Miracle in a Dry Season    Dangerous Passage





The Rivers Run Dry by Sibella Giorello

Reviewed by C.J. Darlington

"The Rivers Run Dry is a rare gem in the suspense genre, paying as much attention to character development as to plot twists."

After writing a noteworthy debut, a sophomore novel can be an author’s bane. The pressure of the follow-up can cause writers to try too hard, and that much anticipated second book sometimes ends up a flop. Or worse, the author freezes with fear, and as in the case of masters Harper Lee, Margaret Mitchell and Emily Bronte, never publishes again.

Sibella Giorello’s first book The Stones Cry Out placed her on our radar. It won a Christy award for 1st novel and introduced us to an author whose storytelling ability and knack for description caused me to call the book “one of 2007's most compelling novels”. Needless to say, Giorello had a lot to live up to in The Rivers Run Dry. Would Raleigh Harmon remain the interesting, three-dimensional character we’d come to love?

Instead of a sophomore slump for Sibella Giorello, The Rivers Run Dry stands head and shoulders above The Stones Cry Out. It’s richer, deeper, funnier. Raleigh has just been transferred to the Violent Crimes unit of the Seattle field office, and she’s brought her mother with her. They’ve both moved in with eccentric Aunt Charlotte whose attempts to help Raleigh with her cases provide many of the book’s lighter moments.

Nineteen-year-old Courtney VanAlstyne is missing. Her very rich parents think she’s been kidnapped and since the local police are skittish of lawsuits, they’ve called in the FBI for technical backup. Raleigh expects to do nothing more than collect soil from the wheel wells of Courtney’s abandoned Land Rover, make prints of the tire treads, and file the paperwork. But she can’t help but dig deeper. A compulsive gambler, a high-stakes poker game, and VanAlstyne secrets quickly confirm this case is much more complex than first meets the eye. Will they find Courtney before it’s too late?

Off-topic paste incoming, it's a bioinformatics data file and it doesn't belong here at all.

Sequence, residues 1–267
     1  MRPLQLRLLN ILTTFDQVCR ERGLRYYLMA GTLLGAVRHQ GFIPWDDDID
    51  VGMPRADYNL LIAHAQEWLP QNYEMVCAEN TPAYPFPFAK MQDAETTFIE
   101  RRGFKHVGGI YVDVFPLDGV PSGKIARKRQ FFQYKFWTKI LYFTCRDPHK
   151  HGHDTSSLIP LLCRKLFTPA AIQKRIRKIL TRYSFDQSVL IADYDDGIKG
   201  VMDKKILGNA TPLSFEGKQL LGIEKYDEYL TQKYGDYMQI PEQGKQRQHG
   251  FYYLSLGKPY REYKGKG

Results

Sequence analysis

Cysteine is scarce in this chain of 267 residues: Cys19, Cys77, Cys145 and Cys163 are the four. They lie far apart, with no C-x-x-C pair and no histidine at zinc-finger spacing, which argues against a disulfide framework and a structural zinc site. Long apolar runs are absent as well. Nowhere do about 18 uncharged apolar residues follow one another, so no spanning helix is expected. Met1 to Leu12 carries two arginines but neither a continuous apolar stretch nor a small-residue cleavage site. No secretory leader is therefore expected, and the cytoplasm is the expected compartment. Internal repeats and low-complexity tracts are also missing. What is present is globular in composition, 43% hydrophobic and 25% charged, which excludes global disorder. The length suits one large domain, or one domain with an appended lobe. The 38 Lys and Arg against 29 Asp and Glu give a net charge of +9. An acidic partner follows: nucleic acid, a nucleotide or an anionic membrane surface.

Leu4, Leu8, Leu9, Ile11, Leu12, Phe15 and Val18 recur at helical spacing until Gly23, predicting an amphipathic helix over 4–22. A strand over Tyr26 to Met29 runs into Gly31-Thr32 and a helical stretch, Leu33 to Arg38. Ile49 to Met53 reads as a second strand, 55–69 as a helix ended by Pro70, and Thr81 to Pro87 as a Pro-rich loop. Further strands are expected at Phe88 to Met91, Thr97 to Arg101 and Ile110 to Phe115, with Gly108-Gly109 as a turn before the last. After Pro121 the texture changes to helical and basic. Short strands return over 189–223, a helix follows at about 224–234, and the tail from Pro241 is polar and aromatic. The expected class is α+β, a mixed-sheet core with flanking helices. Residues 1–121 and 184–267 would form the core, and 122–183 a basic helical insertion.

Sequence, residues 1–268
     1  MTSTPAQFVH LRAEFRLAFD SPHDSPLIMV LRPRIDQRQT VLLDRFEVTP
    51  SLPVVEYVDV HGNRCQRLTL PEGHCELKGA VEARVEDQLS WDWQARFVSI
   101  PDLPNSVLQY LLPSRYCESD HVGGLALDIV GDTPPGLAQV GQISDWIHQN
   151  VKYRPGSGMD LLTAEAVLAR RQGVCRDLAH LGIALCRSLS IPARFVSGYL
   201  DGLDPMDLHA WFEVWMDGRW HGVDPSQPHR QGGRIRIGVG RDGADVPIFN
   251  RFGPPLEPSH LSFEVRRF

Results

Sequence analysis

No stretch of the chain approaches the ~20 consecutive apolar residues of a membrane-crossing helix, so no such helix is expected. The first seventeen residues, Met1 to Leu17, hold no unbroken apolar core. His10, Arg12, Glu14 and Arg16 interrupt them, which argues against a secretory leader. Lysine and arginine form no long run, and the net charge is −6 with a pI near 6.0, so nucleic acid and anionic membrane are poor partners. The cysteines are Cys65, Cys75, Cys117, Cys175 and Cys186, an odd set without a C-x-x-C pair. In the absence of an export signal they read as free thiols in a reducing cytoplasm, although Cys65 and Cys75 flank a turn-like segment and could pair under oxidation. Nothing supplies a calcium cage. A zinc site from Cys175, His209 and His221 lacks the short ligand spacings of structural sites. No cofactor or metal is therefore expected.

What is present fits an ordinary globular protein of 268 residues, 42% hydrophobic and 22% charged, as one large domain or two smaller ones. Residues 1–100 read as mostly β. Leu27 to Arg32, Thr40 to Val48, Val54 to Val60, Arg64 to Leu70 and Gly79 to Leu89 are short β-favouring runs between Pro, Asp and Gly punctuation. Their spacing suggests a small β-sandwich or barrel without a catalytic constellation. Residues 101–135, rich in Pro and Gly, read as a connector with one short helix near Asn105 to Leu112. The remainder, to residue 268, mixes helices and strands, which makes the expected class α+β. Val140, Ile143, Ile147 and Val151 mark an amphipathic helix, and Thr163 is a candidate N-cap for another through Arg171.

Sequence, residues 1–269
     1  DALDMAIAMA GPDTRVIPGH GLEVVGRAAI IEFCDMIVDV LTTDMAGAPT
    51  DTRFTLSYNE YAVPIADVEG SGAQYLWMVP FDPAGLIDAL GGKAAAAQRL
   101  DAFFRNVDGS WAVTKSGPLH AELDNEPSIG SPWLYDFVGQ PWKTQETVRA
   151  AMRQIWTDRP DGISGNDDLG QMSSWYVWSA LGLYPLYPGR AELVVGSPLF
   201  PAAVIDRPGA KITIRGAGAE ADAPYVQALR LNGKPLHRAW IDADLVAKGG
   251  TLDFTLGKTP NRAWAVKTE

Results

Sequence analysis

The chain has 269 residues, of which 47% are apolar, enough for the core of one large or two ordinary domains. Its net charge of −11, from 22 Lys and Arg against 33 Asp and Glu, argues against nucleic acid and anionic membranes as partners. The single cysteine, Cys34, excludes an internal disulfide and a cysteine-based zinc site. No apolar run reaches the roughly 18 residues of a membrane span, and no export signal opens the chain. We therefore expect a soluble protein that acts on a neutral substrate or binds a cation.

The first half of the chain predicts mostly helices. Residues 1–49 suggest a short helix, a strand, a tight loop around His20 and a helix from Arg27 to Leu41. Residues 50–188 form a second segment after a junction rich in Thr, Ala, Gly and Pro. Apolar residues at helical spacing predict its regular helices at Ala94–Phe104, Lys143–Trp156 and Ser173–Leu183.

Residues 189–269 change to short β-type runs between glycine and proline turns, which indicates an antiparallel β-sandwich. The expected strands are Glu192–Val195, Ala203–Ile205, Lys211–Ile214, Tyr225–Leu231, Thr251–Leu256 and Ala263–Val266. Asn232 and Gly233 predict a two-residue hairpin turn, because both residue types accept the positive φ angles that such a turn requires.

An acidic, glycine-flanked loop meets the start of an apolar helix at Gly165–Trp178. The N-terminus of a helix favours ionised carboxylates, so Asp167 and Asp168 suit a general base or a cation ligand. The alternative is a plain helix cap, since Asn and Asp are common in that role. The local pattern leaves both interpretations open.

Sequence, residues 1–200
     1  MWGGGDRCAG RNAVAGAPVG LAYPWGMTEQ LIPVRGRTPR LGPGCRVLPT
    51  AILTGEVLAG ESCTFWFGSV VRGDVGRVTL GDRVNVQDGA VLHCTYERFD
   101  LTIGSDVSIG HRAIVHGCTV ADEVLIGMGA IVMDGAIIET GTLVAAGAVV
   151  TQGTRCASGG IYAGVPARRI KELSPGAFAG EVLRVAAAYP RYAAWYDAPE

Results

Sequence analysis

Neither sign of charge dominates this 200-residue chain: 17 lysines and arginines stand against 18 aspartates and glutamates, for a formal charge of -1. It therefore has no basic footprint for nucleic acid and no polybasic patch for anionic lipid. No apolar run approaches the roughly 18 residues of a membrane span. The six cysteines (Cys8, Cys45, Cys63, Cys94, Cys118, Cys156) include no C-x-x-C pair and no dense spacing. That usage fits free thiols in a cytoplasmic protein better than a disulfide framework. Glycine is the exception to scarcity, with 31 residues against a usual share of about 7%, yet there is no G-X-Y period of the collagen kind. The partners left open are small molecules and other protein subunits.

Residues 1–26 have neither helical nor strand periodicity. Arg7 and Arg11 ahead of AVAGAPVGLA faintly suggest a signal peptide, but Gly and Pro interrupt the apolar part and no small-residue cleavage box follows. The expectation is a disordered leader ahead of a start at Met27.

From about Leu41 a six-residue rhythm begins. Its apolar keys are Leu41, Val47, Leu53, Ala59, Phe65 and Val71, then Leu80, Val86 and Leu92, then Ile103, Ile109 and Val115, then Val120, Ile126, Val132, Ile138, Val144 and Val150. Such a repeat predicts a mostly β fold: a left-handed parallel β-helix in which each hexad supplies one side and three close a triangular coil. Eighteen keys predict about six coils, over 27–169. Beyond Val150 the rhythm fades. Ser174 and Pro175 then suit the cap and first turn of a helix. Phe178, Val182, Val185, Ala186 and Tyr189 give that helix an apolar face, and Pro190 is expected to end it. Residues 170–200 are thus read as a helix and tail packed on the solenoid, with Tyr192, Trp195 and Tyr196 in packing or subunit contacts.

The Rivers Run Dry is a rare gem in the suspense genre, paying as much attention to character development as to plot twists. Even minor characters are created with Giorello’s trademark attention to detail. Take her description of a park ranger from chapter one: “I turned to see a small woman walking toward us, looking like an elf purged from a fairy tale. Her long red hair leaped over her shoulders in ropes of lava and her enormous black boots scuffed across the loose gravel shards on the ground, creating the sound of belligerent applause.”

Raleigh is a woman who’s trained to keep her wits about her, but she’s not strong to a fault like some female leads. She isn’t afraid to call for backup when needed, and she finds herself in more than one scrape due to her react-first-ask-for-clearance-later tendencies.

If you enjoyed the insider angle of Richmond, VA in Stones, you’ll agree Giorello’s portrayal of Seattle and its surroundings in Rivers is up to par. Clearly she knows of what she writes. Pull up a Google map, and you’ll discover all the locations are real.

One or two Deus ex Machina moments seemed a bit convenient, especially in light of Raleigh’s mantra of “not believing in luck”. But as Raleigh’s father used to say, “there are two kinds of people in the world: those who believe in coincidence, and those who have the courage to recognize God.” Perhaps the serendipity was Giorello’s way of showing us providence in everyday life.

There are several other welcome spiritual insights in Rivers that add depth and meaning, setting this novel apart from its secular counterparts. One passage on God’s adoptive love choked me up. And since Raleigh is a Christian, she sees the world through that lense.

From the inside of a hot FBI surveillance van to the craggy hiking trails of Cougar mountain, The Rivers Run Dry is character driven suspense at its finest. Layered with prowess, each revelation unfolds in perfect time to keep us guessing all the way to the final pages. Don’t be surprised if you finish the novel one day, then pick it up and read it over again the next.

C.J. DarlingtonC.J. Darlington is the award-winning authof of Thicker than Blood, Bound by Guilt, and Ties that Bind. She is a regular contributor to Family Fiction Digital Magazine and NovelCrossing.com. A homeschool graduate, she makes her home in Pennsylvania with her family and their menagerie of dogs, a cat, and a paint horse named Sky. Visit her online at her author website. You can also look her up at Twitter and Facebook.